movies

The Princess Bride

You love the movie, right? The book is even better. Well, most of it is…

I’m currently having a minor internal dilemma, dear readers, that I wanted to run past you. The dilemma revolves around my desire to share William Goldman‘s tremendous fairy tale, The Princess Bride, with my six-year-old daughter, and how exactly I should do that. Like a lot of people from my generation, I discovered The Princess Bride thanks to Rob Reiner’s 1987 film adaptation, an epic adaptation that has endured as one of the most rewatchable, quotable, and downright iconic movies of the past thirty years. While I’m still debating when my daughter will be old enough to see the movie, my primary concern is how and when I’m going to read Goldman’s original book to her.

And the operative word in that sentence is “how.” Because, at the moment, I don’t think I want to read her the entire book. I think I only want to read her the “good parts” of The Princess Bride, a statement that anyone who’s read the original book will find funny, ironic, or, at the very least, very, very “meta.”

Now, as a professed “book person”, the idea of selectively reading passages of a book to my daughter feels like a big cheat and a huge violation of the unspoken bond between author and reader – I hate playing backseat editor – but The Princess Bride is a special case. Let me give you some back story…

Even though I adored The Princess Bride movie the first time I saw it in 1987, it never really landed with me that I should seek out the original book that it was based on until I was in college. After a few weeks of hunting, I came across a tattered paperback copy of Goldman‘s The Princess Bride in a used bookstore and quickly devoured it. (It was originally published in 1973 with the eyebrow-raising tagline “A Hot Fairy Tale.”)

What Happens When the Most Beautiful Girl in the World Marries the Handsomest Prince in the World - And He Turns Out to Be a Son-of-a-Bitch?

This might be my favorite back cover copy of all time.

And the book didn’t disappoint. It’s wonderful. When reading the book, you really get an appreciation for how faithful and spot-on Rob Reiner’s adaptation was. Princess Bride the book is INCREDIBLY similar to Princess Bride the movie, right down to the priest mispronouncing “Mawidge” to the now-legendary “Hello, My Name is Inigo Montoya” showdown (which reaches its climax on page 276 of my paperback). While there are little variations in the details here and there, I can only recall two MAJOR differences that stood out when I first read the book. [read the rest of the post…]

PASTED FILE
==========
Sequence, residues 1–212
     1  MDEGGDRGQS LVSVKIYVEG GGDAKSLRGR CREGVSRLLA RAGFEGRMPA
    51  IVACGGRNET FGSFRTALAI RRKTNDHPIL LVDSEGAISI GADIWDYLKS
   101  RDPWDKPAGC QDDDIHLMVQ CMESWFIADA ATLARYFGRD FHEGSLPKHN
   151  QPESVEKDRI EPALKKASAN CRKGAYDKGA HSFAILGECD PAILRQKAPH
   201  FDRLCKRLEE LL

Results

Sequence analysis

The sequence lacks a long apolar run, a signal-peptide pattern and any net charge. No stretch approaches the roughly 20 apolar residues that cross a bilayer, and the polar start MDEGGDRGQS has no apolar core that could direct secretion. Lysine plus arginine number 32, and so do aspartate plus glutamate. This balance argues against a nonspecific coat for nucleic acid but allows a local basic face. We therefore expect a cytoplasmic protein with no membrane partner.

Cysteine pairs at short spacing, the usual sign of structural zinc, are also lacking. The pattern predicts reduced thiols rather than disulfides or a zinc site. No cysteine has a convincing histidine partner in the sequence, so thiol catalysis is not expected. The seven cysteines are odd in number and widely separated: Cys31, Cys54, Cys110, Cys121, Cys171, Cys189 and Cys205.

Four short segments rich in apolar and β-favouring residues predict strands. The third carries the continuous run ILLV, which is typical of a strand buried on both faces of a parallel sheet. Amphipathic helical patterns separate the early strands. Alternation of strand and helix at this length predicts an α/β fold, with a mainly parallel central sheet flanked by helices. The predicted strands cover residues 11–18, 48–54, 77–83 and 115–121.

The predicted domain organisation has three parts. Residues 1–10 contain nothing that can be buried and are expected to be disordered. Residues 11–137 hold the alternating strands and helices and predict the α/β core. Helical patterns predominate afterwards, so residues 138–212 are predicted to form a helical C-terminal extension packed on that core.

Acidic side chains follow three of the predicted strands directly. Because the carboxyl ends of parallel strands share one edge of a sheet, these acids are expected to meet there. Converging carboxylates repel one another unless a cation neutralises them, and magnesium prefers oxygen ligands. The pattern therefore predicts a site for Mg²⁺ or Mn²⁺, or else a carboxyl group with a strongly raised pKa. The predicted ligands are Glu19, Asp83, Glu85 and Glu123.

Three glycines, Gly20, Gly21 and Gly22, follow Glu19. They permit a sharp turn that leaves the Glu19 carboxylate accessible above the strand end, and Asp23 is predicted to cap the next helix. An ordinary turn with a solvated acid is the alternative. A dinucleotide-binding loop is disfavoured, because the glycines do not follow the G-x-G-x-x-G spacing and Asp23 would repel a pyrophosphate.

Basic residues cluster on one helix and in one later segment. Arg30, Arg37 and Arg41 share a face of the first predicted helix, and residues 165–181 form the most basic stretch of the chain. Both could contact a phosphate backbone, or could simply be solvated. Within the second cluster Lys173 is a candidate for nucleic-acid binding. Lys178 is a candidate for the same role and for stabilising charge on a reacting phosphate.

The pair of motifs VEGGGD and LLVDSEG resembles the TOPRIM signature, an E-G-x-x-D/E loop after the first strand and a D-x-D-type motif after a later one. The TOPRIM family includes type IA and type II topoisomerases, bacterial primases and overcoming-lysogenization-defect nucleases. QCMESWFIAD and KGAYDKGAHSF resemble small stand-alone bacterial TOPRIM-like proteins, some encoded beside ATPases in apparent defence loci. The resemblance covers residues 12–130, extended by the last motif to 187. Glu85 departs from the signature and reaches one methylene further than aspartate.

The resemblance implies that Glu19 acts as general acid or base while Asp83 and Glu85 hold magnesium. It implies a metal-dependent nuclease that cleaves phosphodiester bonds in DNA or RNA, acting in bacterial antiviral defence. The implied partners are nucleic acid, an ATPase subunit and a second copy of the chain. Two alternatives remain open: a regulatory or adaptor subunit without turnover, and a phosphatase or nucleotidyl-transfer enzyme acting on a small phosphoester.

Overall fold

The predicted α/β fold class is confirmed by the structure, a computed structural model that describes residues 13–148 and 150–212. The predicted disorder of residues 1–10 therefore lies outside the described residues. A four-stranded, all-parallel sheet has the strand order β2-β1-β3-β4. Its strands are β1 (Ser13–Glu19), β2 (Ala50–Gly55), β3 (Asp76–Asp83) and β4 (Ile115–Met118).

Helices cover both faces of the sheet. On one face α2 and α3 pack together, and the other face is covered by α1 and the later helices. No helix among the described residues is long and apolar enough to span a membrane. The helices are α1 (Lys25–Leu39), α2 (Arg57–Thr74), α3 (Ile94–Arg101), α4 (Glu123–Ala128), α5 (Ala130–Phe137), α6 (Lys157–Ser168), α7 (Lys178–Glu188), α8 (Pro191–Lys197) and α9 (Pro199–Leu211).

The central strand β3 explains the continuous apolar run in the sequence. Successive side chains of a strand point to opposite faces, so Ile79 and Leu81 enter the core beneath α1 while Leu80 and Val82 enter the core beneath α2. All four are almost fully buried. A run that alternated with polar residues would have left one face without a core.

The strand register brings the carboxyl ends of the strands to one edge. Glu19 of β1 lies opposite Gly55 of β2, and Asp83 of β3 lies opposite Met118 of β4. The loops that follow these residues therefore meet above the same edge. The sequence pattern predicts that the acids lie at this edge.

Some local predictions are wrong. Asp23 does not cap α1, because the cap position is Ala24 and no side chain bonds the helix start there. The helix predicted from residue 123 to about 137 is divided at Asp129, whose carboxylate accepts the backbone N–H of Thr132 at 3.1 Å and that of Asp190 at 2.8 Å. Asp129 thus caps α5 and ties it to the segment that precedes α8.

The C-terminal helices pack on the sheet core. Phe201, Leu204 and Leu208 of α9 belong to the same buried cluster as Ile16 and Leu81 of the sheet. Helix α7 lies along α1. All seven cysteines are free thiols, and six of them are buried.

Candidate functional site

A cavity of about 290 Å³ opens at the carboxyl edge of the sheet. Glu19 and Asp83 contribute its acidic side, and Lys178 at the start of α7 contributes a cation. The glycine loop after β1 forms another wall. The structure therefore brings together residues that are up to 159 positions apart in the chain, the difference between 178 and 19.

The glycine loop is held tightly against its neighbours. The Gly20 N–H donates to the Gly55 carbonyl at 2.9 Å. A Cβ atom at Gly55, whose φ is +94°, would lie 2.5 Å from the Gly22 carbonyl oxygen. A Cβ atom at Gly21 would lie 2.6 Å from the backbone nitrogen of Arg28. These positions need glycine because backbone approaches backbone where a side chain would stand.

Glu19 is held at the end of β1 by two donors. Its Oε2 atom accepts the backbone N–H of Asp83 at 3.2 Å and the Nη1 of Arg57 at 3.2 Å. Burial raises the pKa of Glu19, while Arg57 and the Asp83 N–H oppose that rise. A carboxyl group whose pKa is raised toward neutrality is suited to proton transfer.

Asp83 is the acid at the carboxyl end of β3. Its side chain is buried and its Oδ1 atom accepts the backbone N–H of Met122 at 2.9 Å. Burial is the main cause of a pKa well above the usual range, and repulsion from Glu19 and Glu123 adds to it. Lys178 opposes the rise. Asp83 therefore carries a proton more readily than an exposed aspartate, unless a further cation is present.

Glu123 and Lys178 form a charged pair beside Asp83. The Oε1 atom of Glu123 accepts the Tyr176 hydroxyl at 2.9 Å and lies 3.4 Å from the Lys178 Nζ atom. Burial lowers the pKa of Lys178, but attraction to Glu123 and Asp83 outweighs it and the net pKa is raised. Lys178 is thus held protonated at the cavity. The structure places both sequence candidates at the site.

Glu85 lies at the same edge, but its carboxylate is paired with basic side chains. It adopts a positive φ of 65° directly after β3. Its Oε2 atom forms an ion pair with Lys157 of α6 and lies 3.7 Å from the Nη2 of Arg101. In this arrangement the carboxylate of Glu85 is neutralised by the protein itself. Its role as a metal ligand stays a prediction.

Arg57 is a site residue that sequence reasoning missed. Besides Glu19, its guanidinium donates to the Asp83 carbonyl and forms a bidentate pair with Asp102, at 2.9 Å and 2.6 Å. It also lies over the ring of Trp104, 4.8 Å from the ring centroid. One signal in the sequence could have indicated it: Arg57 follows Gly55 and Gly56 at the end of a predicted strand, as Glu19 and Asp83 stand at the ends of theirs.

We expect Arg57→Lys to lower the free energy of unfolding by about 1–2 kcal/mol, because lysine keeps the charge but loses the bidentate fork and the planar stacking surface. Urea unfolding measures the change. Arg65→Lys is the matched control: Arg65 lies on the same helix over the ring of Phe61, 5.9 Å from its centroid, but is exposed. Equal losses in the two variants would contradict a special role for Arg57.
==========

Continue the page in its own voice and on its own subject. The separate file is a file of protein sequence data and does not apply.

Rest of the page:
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Frequent readers of this blog know that I typically give media tie-in children’s books a lot of flack. And, normally, they totally deserve it. For whatever reason, when a publisher decides to adapt a TV show, movie, cartoon, or toyline into a kids’ book, the quality is almost always poor. There are some notable exceptions – Jeffrey Brown’s Darth Vader and Son is transcendent – but, for the most part, they’re fairly awful reads. So, when Megan McKnight wrote her great recent post about her “Rules for Parents Buying Books from Book Order Catalogs or School Book Fairs” and she listed “books based on television, movie, or toy characters” as definite DO NOT BUYS, I nodded my head and intoned a hearty “Here, here!”  I fully support parents who try to steer their kids away from that kind of crap.

But then… I was cleaning out my old bedroom at my mom’s house – enough time has now passed that I refer to it as “my mom’s house” instead of “MY house” – and I found the ONLY book that I ever ordered my school book order catalogs that I MADE SURE that I kept well into my adulthood. I bought loads of books from book order catalogs when I was a kid, but there is only ONE book order title that, over 25 years later, still sat proudly on my bookshelf in my childhood bedroom.

What was that book?

A Ghostbusters storybook, copyright 1984, with 12 collector stickers inside.

Ghostbusters

A cherished tome from my childhood – back before “Slimer” even got his nickname and was known only as the “Ugly Little Spud”

That’s right. It was a media tie-in book. [read the rest of the post…]

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